It was past 1 a.m. on a school night when all that caffeine had finally started kicking in. Feeling too unmotivated to work and too energized to sleep, I found myself scrolling through my YouTube recommendations feed when amidst the dozens of glamorous makeup gurus and flawless K-pop artists, I came across a video titled "On Being Ugly".
The girl on the thumbnail certainly wasn't glamorous. She wore thick frames, was barefaced and had unruly, curly hair. She looked completely out of place in the middle of all my other recommendations, but perhaps that's what drew me to click on her in the first place.
And I'm glad I did because what she had to say were some of the most beautiful words that I had heard in a long time.
Yet I didn't know how much of it I could believe.
"Being beautiful is not an accomplishment, and being ugly doesn't have to stop you from making accomplishments."
In an ideal world, she'd be right. In an ideal world, we'd all judge people for their souls before their bodies, their kindness before their faces and their talents before their appearance.
But that's not the kind of world we live in.
We live in a world where Instagram models and singers are praised as "legends" before the heroes who die for our country. We live in a world where an attractive young woman who collapses on the street is helped in seconds whereas a collapsed homeless man is ignored for several minutes. We live in a world with multi-million dollar industries that thrive off of people who just want to make themselves look "prettier."
As much as we wouldn't like to admit it, in our society, being beautiful is an accomplishment, perhaps not in the same field as winning a Nobel Prize, but the influence of beauty on achievements is undeniable. I mentioned the rise of Instagram models and social-media influencers who are rolling in thousands based on their physical appearance earlier, but there are countless other occupations where people with good-looks are given a huge advantage.
Take K-pop for instance.
Encased in rigid Asian beauty standards, attractiveness is a must for any artist who wants to succeed in such a competitive industry. Heck, most K-pop groups even have a position dedicated specifically to a "visual" (or, if multiple, a "visual-line") alongside their main vocalists, rappers and dancers. Attractiveness has become a talent. Of course, this isn't to say that all those beautiful idols were able to debut solely because of their looks, but an idol's appearance is still praised much more often than their actual performing ability.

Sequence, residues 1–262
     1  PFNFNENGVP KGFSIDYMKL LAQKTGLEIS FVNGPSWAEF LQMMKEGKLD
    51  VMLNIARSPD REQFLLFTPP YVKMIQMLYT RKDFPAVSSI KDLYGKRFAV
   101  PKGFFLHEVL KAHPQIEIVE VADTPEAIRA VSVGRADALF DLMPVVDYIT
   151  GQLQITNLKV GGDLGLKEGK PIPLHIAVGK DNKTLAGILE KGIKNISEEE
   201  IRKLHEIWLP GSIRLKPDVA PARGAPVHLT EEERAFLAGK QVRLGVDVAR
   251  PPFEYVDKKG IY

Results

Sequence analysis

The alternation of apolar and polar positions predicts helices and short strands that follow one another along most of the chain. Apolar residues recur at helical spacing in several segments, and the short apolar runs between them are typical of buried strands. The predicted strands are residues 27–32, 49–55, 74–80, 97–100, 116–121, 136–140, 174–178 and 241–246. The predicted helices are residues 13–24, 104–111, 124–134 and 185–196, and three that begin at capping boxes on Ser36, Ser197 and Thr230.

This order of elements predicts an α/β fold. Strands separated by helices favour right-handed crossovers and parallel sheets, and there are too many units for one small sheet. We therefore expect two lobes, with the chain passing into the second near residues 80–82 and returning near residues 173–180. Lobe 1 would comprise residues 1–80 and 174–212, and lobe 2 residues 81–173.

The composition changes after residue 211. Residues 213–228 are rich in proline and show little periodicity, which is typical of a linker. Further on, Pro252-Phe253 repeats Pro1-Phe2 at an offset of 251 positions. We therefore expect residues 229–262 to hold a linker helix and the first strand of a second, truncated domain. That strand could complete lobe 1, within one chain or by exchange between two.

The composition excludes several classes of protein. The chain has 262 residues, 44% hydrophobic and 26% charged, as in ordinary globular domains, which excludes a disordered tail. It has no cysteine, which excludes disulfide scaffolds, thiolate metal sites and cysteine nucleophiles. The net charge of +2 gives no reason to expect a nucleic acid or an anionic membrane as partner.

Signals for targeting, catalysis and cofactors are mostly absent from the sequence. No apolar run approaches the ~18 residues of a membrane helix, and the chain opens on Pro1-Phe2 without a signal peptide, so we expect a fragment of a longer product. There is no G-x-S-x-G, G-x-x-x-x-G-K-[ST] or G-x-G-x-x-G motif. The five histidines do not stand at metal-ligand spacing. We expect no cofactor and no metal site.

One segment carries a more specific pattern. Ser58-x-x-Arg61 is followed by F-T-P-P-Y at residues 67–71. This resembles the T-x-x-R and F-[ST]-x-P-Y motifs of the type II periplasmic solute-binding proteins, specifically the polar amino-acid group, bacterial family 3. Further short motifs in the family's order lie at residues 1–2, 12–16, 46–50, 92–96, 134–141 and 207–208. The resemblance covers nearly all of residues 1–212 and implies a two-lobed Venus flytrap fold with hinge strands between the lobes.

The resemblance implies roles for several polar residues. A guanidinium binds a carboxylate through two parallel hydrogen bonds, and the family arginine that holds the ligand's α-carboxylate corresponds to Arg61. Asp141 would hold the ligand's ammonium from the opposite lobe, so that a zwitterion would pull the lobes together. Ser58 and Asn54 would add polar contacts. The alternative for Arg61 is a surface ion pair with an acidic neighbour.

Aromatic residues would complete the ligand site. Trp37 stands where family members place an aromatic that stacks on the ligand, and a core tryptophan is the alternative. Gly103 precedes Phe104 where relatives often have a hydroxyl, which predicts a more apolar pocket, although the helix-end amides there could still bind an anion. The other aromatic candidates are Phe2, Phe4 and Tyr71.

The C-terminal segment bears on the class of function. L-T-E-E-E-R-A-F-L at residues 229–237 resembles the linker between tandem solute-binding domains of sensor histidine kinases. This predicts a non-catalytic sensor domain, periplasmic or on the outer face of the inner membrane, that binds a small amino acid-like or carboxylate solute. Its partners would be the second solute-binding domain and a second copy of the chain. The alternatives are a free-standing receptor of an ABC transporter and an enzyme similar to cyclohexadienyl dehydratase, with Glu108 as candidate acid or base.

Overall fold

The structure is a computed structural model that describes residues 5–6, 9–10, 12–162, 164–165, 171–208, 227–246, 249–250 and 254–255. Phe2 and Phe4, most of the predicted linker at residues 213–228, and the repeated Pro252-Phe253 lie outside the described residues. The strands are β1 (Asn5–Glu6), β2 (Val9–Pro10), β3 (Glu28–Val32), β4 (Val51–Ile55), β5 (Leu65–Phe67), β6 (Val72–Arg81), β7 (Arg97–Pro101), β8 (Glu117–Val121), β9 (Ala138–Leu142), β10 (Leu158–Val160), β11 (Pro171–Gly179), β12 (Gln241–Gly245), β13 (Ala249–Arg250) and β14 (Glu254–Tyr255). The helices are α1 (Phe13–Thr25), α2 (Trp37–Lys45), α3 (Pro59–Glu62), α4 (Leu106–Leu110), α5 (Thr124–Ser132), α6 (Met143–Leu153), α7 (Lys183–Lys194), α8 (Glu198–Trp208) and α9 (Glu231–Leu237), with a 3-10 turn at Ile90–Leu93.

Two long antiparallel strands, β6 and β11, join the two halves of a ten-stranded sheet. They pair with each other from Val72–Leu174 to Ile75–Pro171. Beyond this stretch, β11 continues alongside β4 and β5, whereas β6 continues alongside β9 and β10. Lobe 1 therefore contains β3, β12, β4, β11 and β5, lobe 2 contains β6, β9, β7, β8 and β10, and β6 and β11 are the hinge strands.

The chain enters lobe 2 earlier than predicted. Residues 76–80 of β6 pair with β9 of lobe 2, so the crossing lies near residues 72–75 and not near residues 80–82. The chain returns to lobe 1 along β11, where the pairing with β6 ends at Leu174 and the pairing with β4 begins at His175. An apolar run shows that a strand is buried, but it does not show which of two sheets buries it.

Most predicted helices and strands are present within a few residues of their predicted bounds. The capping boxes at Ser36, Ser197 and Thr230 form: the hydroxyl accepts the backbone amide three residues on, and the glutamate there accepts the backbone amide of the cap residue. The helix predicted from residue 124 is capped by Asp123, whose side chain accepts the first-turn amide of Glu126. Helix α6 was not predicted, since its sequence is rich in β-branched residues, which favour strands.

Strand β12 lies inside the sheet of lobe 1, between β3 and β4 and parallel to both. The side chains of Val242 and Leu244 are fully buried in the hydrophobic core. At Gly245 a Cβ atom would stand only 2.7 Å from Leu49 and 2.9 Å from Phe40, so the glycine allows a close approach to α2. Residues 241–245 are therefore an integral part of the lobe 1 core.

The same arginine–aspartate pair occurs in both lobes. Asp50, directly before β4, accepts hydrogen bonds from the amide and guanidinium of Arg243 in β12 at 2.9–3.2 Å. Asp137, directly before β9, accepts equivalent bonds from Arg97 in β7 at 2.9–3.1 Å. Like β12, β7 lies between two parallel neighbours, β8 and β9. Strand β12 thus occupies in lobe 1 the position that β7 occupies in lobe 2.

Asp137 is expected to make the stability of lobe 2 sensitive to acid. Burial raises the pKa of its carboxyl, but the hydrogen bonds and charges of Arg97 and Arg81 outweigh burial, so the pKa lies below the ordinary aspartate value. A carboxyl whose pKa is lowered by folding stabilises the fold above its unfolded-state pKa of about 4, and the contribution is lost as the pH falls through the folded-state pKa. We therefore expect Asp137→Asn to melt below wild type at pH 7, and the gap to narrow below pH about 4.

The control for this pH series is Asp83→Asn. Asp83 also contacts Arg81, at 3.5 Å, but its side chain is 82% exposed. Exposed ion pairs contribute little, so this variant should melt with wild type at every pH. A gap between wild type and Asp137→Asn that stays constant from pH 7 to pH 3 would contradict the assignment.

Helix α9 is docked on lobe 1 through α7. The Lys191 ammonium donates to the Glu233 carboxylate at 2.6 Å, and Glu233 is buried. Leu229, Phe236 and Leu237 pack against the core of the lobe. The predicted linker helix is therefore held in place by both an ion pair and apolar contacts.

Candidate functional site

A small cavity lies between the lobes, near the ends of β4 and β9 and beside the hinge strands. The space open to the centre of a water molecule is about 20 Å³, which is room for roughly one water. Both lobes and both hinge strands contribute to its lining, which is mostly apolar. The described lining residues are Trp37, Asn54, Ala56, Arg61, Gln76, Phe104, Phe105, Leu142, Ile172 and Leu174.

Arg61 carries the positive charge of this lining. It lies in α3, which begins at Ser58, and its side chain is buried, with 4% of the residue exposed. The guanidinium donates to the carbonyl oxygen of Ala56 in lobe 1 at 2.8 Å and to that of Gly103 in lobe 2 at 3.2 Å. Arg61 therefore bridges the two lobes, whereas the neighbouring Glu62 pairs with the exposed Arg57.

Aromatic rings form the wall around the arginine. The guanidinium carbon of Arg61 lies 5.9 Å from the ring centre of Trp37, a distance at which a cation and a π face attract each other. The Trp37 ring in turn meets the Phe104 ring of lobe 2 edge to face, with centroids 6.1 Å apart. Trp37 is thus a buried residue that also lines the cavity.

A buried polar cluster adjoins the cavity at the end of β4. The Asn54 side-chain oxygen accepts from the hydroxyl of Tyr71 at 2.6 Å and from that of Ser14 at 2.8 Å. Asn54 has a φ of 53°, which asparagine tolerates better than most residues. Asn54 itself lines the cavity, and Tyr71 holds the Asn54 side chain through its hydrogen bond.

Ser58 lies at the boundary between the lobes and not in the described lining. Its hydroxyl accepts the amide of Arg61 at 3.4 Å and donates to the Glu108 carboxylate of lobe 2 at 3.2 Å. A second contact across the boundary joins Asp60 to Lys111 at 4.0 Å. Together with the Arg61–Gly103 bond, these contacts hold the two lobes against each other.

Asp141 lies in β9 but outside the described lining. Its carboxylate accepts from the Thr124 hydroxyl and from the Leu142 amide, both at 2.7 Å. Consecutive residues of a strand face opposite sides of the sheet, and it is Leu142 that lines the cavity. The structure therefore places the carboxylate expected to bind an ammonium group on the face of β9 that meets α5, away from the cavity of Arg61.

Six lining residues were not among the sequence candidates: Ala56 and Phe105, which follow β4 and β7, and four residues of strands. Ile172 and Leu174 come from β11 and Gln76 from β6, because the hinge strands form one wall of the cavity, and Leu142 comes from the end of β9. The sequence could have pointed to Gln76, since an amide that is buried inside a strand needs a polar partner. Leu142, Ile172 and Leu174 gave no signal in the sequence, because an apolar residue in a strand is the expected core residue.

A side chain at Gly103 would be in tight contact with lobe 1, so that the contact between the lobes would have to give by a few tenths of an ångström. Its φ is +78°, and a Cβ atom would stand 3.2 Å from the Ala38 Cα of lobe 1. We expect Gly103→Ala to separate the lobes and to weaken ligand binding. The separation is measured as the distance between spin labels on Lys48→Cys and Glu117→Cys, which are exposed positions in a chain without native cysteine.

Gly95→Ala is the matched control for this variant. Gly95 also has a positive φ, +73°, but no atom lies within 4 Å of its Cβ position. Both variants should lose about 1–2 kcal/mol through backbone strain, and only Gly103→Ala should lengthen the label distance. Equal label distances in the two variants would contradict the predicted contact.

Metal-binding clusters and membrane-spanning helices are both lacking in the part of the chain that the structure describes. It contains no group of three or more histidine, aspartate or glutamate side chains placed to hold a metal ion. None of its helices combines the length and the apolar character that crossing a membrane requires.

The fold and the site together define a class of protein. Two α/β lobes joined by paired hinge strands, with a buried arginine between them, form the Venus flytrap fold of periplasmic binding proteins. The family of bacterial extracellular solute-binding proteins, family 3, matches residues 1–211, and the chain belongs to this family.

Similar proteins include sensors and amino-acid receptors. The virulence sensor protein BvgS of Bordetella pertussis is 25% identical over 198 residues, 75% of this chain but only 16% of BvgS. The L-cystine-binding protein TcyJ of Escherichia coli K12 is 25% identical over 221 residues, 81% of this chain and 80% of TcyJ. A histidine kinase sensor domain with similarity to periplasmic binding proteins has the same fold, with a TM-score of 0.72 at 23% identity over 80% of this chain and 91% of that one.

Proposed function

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Even in politics, beauty seems to play a significant role. In the first televised presidential debate between Kennedy and Nixon, there was dissonance between the viewers on who actually won the debate. Radio listeners had believed that it was Nixon (whose points were more efficiently made) who won while television watchers believed that the winner had been Kennedy, who had been better dressed and had paid more attention to his appearance that day.
It's been psychologically proven that attractiveness serves as a peripheral route persuasion device that makes people biased towards what you say. As much as we like to tell ourselves that other people's looks don't change affect our opinion of them, we often don't notice our unconscious reactions towards people based on their beauty.
And the world isn't so kind when you're not conventionally pretty.
A couple years ago, my mom was telling me about her friend's son who although had graduated near the top of his class, was having difficulty with finding a job. When I asked why that was the case, she explained that his parents thought that it was due to his looks and were considering getting him plastic surgery.
With all my heart, I hoped that his parents were wrong and that it was due to some other reason, because it's situations like these that make me start despising humanity.
This is why all those "transformation" dramas and movies make me so angry sometimes. They're still the same person, just with a different shell. So why is it that people end up treating their before and after so differently? Why is it that being beautiful puts us into another category of "queens," "legends" or "gods" when we're all still just people?
Start treating us that way, please.